Release Date: February 8, 2012
Publisher: Grand Central Publishing
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Pre-Order the Book: Amazon
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We know you are here, our brothers and sisters . . .The first time I heard about Pure was from the publicist asking if I would like to review it. I looked it up in Goodreads and while it sounded good, I didn't know if I wanted to give it a try seeing as it's 400+ pages. A lot of the time when I see something that long, I am wary to pick it up because with more pages that could mean two things: More pages to love or more pages that you have to slug through to finish. I guess it's safe to say I vastly underestimated this book.
Pressia barely remembers the Detonations or much about life during the Before. In her sleeping cabinet behind the rubble of an old barbershop where she lives with her grandfather, she thinks about what is lost-how the world went from amusement parks, movie theaters, birthday parties, fathers and mothers . . . to ash and dust, scars, permanent burns, and fused, damaged bodies. And now, at an age when everyone is required to turn themselves over to the militia to either be trained as a soldier or, if they are too damaged and weak, to be used as live targets, Pressia can no longer pretend to be small. Pressia is on the run.
Burn a Pure and Breathe the Ash . . .
There are those who escaped the apocalypse unmarked. Pures. They are tucked safely inside the Dome that protects their healthy, superior bodies. Yet Partridge, whose father is one of the most influential men in the Dome, feels isolated and lonely. Different. He thinks about loss-maybe just because his family is broken; his father is emotionally distant; his brother killed himself; and his mother never made it inside their shelter. Or maybe it's his claustrophobia: his feeling that this Dome has become a swaddling of intensely rigid order. So when a slipped phrase suggests his mother might still be alive, Partridge risks his life to leave the Dome to find her.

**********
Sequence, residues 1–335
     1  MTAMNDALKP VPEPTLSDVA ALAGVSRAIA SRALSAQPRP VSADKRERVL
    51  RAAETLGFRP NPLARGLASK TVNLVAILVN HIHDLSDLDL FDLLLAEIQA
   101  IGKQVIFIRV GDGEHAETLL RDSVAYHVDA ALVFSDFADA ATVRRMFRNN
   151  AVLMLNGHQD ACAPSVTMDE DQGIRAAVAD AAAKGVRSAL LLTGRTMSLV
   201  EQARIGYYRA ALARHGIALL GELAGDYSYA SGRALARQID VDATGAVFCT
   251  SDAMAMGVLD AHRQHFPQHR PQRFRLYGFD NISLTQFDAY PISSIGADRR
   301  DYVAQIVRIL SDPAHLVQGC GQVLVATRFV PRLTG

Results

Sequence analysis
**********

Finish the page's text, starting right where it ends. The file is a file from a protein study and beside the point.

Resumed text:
When Pressia meets Partridge, their worlds shatter all over again.
If I'm remembering correctly, this is the first Post-Apocalyptic/Dystopian book that I've read since the Hunger Games series. At least, one of this specific sub-genre. And while they are very similar in mood, they are very different in story.
Pure is set nine years after the Detonations occurred wiping out most of humanity on Earth minus the few who made it to the safety of the Dome. Those who didn't make it either died from the radiation or were fused to nearby objects when the Detonations occurred leaving them permanently scarred and other. Those living in the Dome were called Pures because there bodies were unharmed by the radiation and life continues on normally there. They say they are waiting for a time when the earth can support life again and they will come out of the Dome and start a "New Eden" and repopulate the earth.
The story is told from multiple point of views. Pressia, a 16-year old girl living outside the Dome who is marked by a childhood doll fused to her hand from the blast. Partridge, a teenage boy and son to a very powerful figure inside the Dome. And a few others as the story progresses. It's mainly these two though seeing as their the protagonists here. I really liked the changing POVs because it gave a little more insight into what one or the other was thinking during certain scenes and it really helped keep the story fresh.
Though it is still our earth and it is still America, it is not the same as we know it. After the Detonations, everything mutated. The humans, the plants, the animals. Some became hybrids. Humans covered in metal shards, broken glass, or in the case of one of the other protagonists Bradwell, birds fused to his back.
The plot progression was fantastic and every chapter left me wanting to keep reading more. Julianna Baggott is not a novice. She's been around the writing business for a while, so she knows how to write a great story. I haven't read any of her other books, but I am really curious to see how they compare to this beauty. I will be recommending this a lot. Especially to fans of the Hunger Games.
-Reviewed by Jeffrey